Hackers are using an abandoned web server to launch attacks on energy grid infrastructure, Microsoft has warned, with the initial attack discovered on the Indian network being carried out by Chinese hackers.
According to the software giant, the Boa server was used in popular routers, security cameras and software development kits. Although Boa was technically retired in the early 2000s, it is still widely used in various devices, TechCrunch reported.
Microsoft announced this week that it had identified one million Internet-exposed Boa server components worldwide in a single week. The company warned that the components represent a “supply chain risk that could affect millions of organizations and devices”.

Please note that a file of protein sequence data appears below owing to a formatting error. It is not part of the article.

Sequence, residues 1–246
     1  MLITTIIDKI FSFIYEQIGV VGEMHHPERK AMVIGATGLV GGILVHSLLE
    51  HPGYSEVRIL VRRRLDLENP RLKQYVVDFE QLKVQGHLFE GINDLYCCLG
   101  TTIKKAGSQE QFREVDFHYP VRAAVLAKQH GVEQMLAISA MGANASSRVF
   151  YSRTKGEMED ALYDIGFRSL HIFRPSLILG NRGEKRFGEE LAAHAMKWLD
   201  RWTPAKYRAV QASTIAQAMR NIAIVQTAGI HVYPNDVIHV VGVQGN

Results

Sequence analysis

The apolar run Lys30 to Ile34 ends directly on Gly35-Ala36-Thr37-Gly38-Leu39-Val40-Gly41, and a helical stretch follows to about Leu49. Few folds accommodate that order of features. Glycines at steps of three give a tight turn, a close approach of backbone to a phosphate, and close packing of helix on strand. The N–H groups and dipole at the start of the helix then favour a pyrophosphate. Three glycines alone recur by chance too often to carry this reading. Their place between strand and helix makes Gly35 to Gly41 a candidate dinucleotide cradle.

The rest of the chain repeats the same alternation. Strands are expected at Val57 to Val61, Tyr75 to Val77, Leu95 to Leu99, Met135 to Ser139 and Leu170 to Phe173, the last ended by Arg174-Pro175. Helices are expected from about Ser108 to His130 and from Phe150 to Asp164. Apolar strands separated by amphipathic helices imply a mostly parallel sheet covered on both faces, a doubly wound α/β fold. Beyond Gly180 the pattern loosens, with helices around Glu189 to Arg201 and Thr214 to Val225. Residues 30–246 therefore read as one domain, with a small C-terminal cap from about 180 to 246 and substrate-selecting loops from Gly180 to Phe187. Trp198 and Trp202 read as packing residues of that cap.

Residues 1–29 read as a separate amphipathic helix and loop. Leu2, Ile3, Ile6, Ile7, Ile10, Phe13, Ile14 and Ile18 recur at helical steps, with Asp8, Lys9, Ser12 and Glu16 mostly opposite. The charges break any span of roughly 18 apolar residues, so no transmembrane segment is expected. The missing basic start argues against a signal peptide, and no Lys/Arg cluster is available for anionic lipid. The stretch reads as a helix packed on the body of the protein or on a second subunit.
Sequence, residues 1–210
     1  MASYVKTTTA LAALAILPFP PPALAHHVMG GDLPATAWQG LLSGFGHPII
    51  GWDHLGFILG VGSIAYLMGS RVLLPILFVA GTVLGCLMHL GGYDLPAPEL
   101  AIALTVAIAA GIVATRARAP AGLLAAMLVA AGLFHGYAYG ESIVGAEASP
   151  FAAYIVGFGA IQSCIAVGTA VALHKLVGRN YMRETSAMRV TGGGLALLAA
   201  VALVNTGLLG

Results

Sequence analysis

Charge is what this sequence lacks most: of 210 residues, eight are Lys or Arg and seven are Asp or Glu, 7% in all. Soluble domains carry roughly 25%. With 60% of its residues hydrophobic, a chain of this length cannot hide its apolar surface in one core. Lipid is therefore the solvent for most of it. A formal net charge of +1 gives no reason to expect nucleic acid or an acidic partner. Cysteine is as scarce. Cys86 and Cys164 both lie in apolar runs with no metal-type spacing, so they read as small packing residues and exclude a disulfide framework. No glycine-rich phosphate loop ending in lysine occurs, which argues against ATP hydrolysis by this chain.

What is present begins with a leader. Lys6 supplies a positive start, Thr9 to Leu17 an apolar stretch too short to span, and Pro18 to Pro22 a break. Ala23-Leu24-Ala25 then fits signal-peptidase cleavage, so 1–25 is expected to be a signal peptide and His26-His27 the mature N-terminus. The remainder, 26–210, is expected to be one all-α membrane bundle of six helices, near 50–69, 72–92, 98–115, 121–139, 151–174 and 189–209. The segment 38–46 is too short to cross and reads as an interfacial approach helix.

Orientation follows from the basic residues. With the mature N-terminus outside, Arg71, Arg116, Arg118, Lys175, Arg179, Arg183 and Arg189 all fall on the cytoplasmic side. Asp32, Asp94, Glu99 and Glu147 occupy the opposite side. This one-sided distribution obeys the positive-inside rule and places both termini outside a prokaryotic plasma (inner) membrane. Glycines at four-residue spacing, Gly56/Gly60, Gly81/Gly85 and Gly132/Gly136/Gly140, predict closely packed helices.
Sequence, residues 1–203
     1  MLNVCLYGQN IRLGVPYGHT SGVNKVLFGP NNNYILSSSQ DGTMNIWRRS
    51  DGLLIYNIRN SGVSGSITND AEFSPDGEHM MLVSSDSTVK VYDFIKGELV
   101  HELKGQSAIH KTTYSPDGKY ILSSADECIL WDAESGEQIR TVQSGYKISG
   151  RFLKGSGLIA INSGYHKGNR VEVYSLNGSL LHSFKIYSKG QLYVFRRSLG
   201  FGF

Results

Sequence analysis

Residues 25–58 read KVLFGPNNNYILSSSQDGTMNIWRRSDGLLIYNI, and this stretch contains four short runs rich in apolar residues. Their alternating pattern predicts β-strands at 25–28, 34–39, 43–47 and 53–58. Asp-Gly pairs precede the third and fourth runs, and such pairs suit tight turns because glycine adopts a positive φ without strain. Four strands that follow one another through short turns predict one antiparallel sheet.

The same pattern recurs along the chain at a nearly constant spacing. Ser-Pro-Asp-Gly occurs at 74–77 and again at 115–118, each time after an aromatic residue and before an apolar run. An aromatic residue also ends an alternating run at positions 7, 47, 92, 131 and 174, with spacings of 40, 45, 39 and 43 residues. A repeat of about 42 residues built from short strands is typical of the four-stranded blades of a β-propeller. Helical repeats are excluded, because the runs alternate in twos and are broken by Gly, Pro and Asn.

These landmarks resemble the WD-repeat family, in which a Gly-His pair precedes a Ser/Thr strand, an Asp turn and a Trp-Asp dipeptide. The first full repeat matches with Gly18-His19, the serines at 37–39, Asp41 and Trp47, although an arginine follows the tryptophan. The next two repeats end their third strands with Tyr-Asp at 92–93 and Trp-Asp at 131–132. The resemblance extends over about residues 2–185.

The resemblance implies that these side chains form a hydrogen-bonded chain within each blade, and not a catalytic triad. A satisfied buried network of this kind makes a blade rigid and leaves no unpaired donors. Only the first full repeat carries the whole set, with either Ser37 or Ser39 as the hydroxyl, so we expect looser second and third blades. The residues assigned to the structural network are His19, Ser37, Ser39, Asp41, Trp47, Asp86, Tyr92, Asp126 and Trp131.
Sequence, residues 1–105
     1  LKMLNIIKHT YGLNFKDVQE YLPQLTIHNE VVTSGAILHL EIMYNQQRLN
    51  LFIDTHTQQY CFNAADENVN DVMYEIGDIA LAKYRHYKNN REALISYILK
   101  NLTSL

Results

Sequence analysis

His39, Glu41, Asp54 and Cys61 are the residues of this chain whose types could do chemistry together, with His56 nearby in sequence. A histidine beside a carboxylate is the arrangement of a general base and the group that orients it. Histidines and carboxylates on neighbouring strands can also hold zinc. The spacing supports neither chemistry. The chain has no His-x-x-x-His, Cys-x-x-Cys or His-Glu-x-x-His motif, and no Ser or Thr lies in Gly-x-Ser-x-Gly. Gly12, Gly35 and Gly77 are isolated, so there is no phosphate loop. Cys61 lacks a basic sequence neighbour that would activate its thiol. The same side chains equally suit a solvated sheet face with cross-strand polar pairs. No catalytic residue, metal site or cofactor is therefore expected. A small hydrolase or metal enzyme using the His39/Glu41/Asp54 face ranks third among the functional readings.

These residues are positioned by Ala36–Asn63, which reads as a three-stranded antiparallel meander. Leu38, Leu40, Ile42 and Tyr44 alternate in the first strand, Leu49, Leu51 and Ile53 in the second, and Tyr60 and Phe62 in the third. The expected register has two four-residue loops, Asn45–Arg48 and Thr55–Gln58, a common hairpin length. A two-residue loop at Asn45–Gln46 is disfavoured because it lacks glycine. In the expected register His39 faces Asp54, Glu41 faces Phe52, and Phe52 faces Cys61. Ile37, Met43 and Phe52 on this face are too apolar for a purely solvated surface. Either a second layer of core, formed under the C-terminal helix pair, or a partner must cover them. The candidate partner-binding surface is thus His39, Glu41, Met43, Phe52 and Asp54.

“Without developers managing the Boa web server, its known vulnerabilities could allow attackers to silently gain access to networks by gathering information from files,” Microsoft said.
“Additionally, affected individuals may be unaware that their devices are running services using the deprecated Boa Web Server, and that firmware updates and downstream patches do not address its known vulnerabilities.”
Power grids, as critical infrastructure, are high-value targets for hackers.
Earlier this year, the Department of Energy began are working to bolster US network defenses as well as the supply chain on suspicion that Russian and Chinese state-sponsored actors may be targeting infrastructure.
We really need to do a lot more,” said Puesh Kumar, Director of the Office of Cybersecurity, Energy Security and Emergency Response. Told Bloomberg in March. “The energy industry is a very complex machine made up of many different components, many different players – and we really need to strengthen the security of each of them.”By Charles Kennedy for Oilprice.com
By Charles Kennedy for Oilprice.com
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